Over the past 10 years, the Vietnam gold market appears to be stable, with many business activities going underground, such as sourcing gold raw materials needed for gold jewellery manufacturing and producing investment gold chi rings. Therefore, the Vietnam Gold Traders Association has submitted several petitions to the Government and the SBV, asking for the following:
- The grant of import quotas for gold raw material used in gold jewellery fabrication as stipulated by Decree 24 and accordingly to production demand proofs submitted by key manufacturers.
- The authorisation for major gold companies to produce their own branded gold tael bars to match the growing demand for investment bars and to bring down the high sales premium of SJC bars down to acceptable levels.
- The set-up of a national Gold Exchange (based on the SGE model) under the management and supervision of the SBV to provide a regulated domestic market linking to regional and international gold markets, to cater for the supply and demand in gold of local manufacturers and retailers.
Decree No. 24/2012/ND-CP has enforced stricter control over gold and jewellery businesses. Policymakers authorised only a few companies, which include Sai Gon Jewelry Company Limited (SJC), Phu Nhuan Jewelry Joint Stock Company (PNJ), Doji Jewelry Corporation (Doji) and Bao Tin Minh Chau Jewelry and Gemstone Co. Ltd (BTMC).
However, these big four jewellery companies only occupy 20% of the market share, with the remaining accounted by small traditional family-owned businesses and minor manufacturers and retailers.
Starting in 2012, as per Decree 24, the SBV only authorised the production and circulation of the SJC Golden Dragon tael bar as the official national bar brand. The SBV also banned all other forms of gold tael bars from circulation.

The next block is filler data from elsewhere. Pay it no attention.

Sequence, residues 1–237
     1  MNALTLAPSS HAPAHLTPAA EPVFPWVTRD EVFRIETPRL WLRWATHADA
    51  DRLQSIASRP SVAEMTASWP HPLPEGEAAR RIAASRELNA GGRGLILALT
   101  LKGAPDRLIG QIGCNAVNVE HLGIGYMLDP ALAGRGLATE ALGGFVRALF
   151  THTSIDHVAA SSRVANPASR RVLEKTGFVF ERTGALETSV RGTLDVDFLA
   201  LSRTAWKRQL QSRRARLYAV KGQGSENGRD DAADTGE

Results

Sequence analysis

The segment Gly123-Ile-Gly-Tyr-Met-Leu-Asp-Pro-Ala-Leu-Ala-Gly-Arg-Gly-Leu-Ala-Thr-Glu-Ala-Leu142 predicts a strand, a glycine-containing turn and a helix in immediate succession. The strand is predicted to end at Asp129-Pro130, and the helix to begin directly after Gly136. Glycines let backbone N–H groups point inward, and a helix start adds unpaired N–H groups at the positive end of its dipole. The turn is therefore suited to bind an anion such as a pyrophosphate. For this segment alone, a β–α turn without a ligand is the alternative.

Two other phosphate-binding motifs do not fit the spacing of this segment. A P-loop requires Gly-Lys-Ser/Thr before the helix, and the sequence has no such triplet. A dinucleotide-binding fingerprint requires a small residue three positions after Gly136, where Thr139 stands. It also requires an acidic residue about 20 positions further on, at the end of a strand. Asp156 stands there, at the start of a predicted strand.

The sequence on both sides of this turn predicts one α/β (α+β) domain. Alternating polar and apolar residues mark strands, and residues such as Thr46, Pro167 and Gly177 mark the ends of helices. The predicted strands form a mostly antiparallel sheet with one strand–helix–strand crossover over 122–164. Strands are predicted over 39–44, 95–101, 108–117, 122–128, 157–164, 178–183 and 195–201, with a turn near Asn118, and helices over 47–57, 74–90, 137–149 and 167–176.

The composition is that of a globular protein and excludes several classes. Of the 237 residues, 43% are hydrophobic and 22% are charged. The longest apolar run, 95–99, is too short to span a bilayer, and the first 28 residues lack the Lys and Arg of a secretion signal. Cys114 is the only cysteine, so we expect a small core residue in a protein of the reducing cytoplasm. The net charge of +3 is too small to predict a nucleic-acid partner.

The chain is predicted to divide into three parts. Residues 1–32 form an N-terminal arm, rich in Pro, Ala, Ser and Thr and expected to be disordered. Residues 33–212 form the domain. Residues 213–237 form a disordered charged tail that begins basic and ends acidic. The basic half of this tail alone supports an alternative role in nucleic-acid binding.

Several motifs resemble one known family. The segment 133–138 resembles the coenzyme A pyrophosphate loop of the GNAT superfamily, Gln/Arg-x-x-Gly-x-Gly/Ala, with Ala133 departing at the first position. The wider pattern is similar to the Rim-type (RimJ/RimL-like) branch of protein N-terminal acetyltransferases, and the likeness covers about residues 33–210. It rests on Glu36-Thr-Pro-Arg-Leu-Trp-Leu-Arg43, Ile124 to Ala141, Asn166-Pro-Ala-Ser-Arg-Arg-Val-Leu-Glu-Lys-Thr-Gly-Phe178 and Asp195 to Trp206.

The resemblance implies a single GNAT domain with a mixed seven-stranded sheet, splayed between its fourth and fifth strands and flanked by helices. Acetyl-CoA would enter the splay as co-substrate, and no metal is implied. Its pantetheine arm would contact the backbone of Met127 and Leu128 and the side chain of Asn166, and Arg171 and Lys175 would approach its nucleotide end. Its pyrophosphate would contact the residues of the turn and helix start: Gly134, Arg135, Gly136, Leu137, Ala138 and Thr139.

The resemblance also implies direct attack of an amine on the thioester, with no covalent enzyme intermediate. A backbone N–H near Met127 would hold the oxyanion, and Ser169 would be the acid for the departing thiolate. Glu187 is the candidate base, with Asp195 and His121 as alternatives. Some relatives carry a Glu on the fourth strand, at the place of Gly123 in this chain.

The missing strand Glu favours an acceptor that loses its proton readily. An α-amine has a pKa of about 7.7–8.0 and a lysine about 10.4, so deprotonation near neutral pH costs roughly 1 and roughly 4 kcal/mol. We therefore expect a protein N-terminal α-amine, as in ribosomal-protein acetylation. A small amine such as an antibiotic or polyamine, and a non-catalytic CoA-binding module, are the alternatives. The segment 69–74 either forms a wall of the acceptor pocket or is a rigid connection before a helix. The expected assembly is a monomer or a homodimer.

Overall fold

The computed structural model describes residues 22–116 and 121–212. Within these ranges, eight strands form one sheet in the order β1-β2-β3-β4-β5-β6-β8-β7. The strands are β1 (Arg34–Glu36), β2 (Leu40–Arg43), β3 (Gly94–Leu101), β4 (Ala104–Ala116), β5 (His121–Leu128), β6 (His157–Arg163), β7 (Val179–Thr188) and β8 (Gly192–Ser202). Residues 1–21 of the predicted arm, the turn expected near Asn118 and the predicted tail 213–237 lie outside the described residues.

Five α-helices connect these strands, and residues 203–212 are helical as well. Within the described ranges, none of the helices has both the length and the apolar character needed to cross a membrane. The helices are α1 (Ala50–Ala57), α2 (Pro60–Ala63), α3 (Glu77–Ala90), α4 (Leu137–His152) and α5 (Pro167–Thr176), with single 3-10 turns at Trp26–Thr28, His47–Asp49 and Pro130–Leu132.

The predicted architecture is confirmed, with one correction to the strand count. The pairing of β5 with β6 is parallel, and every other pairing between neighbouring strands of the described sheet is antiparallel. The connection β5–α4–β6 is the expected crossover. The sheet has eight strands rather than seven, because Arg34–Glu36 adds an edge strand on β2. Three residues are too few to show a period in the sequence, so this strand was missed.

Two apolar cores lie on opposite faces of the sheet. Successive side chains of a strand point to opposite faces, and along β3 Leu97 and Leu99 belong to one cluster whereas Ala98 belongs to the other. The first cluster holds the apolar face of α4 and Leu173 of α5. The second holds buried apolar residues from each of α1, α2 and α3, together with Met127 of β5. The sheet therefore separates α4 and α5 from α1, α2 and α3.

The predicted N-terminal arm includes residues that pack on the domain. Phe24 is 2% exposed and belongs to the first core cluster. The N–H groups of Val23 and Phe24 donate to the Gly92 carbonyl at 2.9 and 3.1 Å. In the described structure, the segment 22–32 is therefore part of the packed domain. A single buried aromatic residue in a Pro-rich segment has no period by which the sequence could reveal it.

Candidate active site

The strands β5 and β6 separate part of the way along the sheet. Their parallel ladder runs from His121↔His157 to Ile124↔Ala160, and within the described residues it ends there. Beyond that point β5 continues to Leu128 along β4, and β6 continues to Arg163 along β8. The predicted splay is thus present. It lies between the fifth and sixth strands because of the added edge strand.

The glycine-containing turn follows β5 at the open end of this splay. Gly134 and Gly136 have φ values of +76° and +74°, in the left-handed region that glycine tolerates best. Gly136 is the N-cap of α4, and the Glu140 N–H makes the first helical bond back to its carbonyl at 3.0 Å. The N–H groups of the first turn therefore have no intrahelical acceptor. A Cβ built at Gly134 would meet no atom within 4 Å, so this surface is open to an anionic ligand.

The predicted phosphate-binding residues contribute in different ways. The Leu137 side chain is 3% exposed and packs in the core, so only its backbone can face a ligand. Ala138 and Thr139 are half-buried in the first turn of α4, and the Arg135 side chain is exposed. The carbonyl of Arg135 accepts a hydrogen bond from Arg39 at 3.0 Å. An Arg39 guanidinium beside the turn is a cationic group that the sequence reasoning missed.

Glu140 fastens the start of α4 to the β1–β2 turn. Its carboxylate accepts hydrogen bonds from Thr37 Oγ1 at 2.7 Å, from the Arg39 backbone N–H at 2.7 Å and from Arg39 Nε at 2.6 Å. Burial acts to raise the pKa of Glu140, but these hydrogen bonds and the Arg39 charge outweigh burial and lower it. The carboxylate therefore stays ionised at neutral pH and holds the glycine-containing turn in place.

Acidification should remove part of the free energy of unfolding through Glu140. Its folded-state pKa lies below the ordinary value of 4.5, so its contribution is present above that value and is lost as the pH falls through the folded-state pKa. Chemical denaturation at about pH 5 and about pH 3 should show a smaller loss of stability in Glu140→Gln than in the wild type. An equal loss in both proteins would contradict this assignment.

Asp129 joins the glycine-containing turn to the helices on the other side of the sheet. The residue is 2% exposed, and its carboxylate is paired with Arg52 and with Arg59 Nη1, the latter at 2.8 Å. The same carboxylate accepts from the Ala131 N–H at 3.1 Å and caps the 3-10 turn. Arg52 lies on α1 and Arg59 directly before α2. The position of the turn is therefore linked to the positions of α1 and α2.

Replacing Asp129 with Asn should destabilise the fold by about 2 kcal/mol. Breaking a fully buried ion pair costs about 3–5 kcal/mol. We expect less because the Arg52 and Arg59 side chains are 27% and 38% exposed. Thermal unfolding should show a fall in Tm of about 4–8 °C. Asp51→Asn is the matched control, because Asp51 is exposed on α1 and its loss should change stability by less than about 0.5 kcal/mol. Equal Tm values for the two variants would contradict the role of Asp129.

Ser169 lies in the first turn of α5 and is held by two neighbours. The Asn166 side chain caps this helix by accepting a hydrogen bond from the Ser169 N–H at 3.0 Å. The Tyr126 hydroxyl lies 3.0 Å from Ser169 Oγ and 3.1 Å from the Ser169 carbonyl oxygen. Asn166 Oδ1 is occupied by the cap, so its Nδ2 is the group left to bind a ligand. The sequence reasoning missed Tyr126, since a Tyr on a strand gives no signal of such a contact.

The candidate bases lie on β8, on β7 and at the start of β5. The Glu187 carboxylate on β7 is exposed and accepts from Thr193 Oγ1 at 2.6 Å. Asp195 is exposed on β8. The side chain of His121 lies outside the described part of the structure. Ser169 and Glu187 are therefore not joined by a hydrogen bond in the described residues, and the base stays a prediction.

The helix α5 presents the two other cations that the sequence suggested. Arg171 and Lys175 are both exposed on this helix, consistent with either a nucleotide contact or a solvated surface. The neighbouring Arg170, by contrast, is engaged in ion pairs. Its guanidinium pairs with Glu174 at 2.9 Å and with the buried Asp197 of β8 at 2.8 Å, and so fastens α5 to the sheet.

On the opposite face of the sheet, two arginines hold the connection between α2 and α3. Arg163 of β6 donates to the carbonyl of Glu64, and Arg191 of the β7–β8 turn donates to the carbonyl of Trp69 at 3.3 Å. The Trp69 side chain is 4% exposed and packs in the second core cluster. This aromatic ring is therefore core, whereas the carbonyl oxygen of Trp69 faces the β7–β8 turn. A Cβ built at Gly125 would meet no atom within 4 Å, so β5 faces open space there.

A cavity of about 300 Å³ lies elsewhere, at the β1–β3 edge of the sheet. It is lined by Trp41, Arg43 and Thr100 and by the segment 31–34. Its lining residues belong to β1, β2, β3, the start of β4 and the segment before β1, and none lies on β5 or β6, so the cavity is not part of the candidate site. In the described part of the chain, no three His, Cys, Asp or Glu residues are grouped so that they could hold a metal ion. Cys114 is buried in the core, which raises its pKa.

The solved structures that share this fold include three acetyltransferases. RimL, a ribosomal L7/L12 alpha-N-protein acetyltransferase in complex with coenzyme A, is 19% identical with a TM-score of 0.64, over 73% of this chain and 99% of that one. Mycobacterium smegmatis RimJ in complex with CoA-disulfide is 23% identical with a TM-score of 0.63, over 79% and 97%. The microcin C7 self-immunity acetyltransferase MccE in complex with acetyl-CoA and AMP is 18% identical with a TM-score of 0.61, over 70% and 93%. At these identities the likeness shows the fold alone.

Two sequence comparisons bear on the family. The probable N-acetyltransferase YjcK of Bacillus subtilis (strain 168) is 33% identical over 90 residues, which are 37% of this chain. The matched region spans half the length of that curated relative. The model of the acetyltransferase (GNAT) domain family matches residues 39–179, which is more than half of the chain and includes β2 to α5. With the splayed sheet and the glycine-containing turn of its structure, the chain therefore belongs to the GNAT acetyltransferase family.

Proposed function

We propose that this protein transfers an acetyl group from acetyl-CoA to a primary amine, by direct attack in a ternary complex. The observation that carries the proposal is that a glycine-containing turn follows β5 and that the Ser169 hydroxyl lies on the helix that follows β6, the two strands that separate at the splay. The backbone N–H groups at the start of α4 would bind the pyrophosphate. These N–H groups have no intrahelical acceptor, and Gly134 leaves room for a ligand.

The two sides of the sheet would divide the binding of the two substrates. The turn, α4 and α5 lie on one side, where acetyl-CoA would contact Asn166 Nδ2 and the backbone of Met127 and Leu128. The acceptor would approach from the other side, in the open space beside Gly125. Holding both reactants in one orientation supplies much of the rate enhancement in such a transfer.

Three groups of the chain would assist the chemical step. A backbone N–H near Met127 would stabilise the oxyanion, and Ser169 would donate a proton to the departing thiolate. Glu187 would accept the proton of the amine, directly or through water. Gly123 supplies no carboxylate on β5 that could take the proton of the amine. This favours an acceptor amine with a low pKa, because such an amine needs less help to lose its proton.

But as presented above, the premium sales of SJC bars have increased to a record high level. Therefore, other gold manufacturers have produced and retailed other forms of 24 carat gold products such as chi rings, gold medallions and emblems for investment purposes.
VIETNAM’S LACK OF DIGITAL PRODUCTS HAS RESULTED IN LITTLE OWNERSHIP OPTIONS APART FROM BUYING OPRIONS PHYSICAL GOLD.
Vietnam’s lack of digital products has resulted in little ownership options apart from buying physical gold. Only high net worth individuals who have access to overseas investment accounts invest in physical gold through digital or online platforms. For example, only 7% of all Vietnamese investors have digital gold products. However, digital gold products account for 30% of their portfolio on average among these investors, highlighting Vietnam’s potential as a market.
Vietnam is also expanding tremendously in the FinTech industry. The total number of financial technology companies increased from 40 to 154 from 2016 to 2020. Lastly, according to the World Gold Council (WGC), younger Vietnamese are receptive to purchasing gold stored elsewhere. Among the 18 to 34 years old segment, 74% are keen to have vaulted gold, while 76% expressed interest in starting a gold investment bank account, while 48% would like to purchase gold from a digital platform. Hence, the market is ripe for the introduction of digital gold accounts.
On the surface, the gold market in Vietnam is a highly regulated one, with the State Bank of Vietnam controlling nearly all aspects of gold trading and manufacturing. However, in practice, there is a thriving underground market to meet the demand of about 50-60 tonnes of gold per year, according to Metals Focus and WGC data. With an average GDP growth rate of 6.5%, we can expect a potential increase in demand, for both jewellery and retail investment, to 70-80 tonnes of gold per annum, in the next five years.